By this time tomorrow, it should break through ten trillion. By this time next year, assuming the bailout passes, it could top eleven trillion. Which is why our government representitives have included in the bailout a bill an increase in the statutory limit on the debt ceiling to $11.315 trillion.
Washington DC’s Fox affiliate appears to have been taken over by Wall Street lobbyists. It has been reporting all sorts of unsubstantiated assertions that a credit squeeze is destroying the economy. You’d never know that typical 30-year mortgage is going for around 6.0 percent these days. Back when I last bought a home I had to pay 7.15 percent. But in Fox’s sell the bailout campaign, there is no place for arithmetic.
Of course few people expect much journalistic integrity from Fox. On the other hand, the NYT enjoys a somewhat better reputation. However, with some of its reporting on the bailout, it’s not clear this better reputation is deserved Today it told readers that “early on Tuesday, banks were charging one another the highest overnight borrowing costs ever recorded, as measured by an important rate known as Libor.”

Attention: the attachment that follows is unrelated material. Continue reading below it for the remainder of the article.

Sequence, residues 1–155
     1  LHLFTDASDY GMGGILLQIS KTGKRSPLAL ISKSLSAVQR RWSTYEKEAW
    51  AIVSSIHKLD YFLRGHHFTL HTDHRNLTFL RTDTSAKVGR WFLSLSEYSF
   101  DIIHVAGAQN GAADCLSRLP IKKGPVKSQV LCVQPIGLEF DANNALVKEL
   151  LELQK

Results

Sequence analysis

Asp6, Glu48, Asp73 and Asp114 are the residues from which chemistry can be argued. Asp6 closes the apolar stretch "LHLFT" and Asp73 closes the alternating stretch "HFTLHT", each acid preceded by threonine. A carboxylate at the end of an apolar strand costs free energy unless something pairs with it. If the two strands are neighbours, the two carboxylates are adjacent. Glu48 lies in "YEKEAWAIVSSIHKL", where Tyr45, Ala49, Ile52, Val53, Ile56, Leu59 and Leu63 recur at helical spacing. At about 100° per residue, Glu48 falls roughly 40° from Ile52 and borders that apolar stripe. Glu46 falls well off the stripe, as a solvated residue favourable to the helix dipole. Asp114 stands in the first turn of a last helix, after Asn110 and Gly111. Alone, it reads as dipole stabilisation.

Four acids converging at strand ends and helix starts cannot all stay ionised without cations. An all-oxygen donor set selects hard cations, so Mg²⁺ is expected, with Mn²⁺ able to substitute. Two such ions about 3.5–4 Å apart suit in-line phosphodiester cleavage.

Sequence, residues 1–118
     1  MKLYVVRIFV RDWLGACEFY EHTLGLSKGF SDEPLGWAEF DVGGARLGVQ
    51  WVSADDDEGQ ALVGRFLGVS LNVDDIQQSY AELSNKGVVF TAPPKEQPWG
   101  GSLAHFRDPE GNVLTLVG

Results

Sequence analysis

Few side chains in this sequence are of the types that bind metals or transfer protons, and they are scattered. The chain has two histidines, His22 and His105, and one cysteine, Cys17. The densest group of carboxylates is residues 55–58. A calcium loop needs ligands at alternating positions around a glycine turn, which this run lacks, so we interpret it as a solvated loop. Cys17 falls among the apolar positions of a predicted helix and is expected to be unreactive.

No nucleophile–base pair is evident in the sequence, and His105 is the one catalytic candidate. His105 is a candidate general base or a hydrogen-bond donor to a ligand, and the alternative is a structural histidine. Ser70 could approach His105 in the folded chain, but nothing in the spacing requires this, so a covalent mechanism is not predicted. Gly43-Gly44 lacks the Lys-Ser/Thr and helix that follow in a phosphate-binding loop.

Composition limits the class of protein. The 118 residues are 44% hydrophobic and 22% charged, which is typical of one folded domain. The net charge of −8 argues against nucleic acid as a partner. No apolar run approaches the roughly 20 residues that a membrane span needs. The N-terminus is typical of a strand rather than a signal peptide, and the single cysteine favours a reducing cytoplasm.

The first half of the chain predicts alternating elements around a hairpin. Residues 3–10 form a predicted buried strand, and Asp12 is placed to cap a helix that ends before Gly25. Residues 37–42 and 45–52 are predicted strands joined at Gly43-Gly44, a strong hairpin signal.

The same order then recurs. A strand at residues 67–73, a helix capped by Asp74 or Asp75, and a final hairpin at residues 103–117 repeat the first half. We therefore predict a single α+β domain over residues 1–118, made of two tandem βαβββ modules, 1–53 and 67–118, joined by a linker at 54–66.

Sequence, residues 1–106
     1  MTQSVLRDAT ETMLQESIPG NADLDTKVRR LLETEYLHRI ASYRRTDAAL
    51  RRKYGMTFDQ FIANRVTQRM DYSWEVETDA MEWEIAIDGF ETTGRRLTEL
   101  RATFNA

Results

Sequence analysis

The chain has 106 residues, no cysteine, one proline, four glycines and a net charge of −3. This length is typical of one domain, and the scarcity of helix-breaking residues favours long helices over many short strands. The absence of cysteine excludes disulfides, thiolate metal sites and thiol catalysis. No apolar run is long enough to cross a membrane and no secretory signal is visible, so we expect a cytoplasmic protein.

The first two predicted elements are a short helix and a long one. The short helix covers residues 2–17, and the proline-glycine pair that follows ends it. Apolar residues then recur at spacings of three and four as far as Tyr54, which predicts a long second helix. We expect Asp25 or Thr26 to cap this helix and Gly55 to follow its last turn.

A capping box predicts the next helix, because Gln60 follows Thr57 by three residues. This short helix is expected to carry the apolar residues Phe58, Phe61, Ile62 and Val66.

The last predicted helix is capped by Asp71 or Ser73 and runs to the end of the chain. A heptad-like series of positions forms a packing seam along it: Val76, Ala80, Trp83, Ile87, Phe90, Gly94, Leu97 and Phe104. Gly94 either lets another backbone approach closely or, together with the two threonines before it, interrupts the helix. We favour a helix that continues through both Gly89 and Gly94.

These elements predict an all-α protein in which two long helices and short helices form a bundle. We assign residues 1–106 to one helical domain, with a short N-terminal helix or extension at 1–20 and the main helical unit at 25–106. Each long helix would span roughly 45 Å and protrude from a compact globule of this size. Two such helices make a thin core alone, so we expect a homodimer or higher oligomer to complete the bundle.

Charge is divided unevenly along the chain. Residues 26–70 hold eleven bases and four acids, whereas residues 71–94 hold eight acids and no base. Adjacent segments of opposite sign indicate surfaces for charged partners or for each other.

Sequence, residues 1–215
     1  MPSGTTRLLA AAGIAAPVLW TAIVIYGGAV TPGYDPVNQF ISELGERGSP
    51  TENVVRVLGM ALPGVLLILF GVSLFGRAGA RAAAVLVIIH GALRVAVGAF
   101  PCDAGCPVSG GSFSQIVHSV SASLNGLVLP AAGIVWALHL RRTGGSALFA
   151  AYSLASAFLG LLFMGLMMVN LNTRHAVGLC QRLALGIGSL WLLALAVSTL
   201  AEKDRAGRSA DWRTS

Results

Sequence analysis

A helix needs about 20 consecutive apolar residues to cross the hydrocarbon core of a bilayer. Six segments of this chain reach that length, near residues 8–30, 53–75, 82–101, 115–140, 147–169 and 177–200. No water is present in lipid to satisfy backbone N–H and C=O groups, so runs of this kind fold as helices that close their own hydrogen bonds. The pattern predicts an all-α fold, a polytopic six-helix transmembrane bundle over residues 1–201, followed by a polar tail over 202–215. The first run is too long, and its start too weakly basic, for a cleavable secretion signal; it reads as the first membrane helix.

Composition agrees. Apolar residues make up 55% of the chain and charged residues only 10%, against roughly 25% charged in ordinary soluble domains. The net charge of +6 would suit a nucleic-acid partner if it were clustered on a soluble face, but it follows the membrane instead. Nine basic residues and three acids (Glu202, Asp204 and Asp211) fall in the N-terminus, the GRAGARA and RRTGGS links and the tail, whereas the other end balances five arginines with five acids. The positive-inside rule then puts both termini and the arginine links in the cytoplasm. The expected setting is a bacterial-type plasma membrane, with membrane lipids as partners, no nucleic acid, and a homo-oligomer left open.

That sounds really bad — the highest overnight borrowing cost in history. Maybe it would have been helpful to tell readers that this data has only been compiled since 2001, a period of unusually low interest rates.
If we want a longer time frame, we can look at the history for the three month interbank rate. Bloomberg reports that the three month London Interbank rate (LIBOR) closed at 4.05 percent on Tuesday. In the same chart, we can find that it was 5.23 percent a year ago.
Those interested in a little more history can find that the LIBOR rate was over 8.0 percent for most of 1990 and actually topped 9.0 percent on some days in September of 1989.
So how scared should we be that yesterday’s interest rate was almost half as large as the three month LIBOR back in 1989? It would be hard for a serious person to explain how a 4.05 percent LIBOR can shut down the economy, when the interest rate has been more than twice as high in the not too distant past. But, that won’t fit the NYT credit crisis story, so you won’t see the historical data mentioned.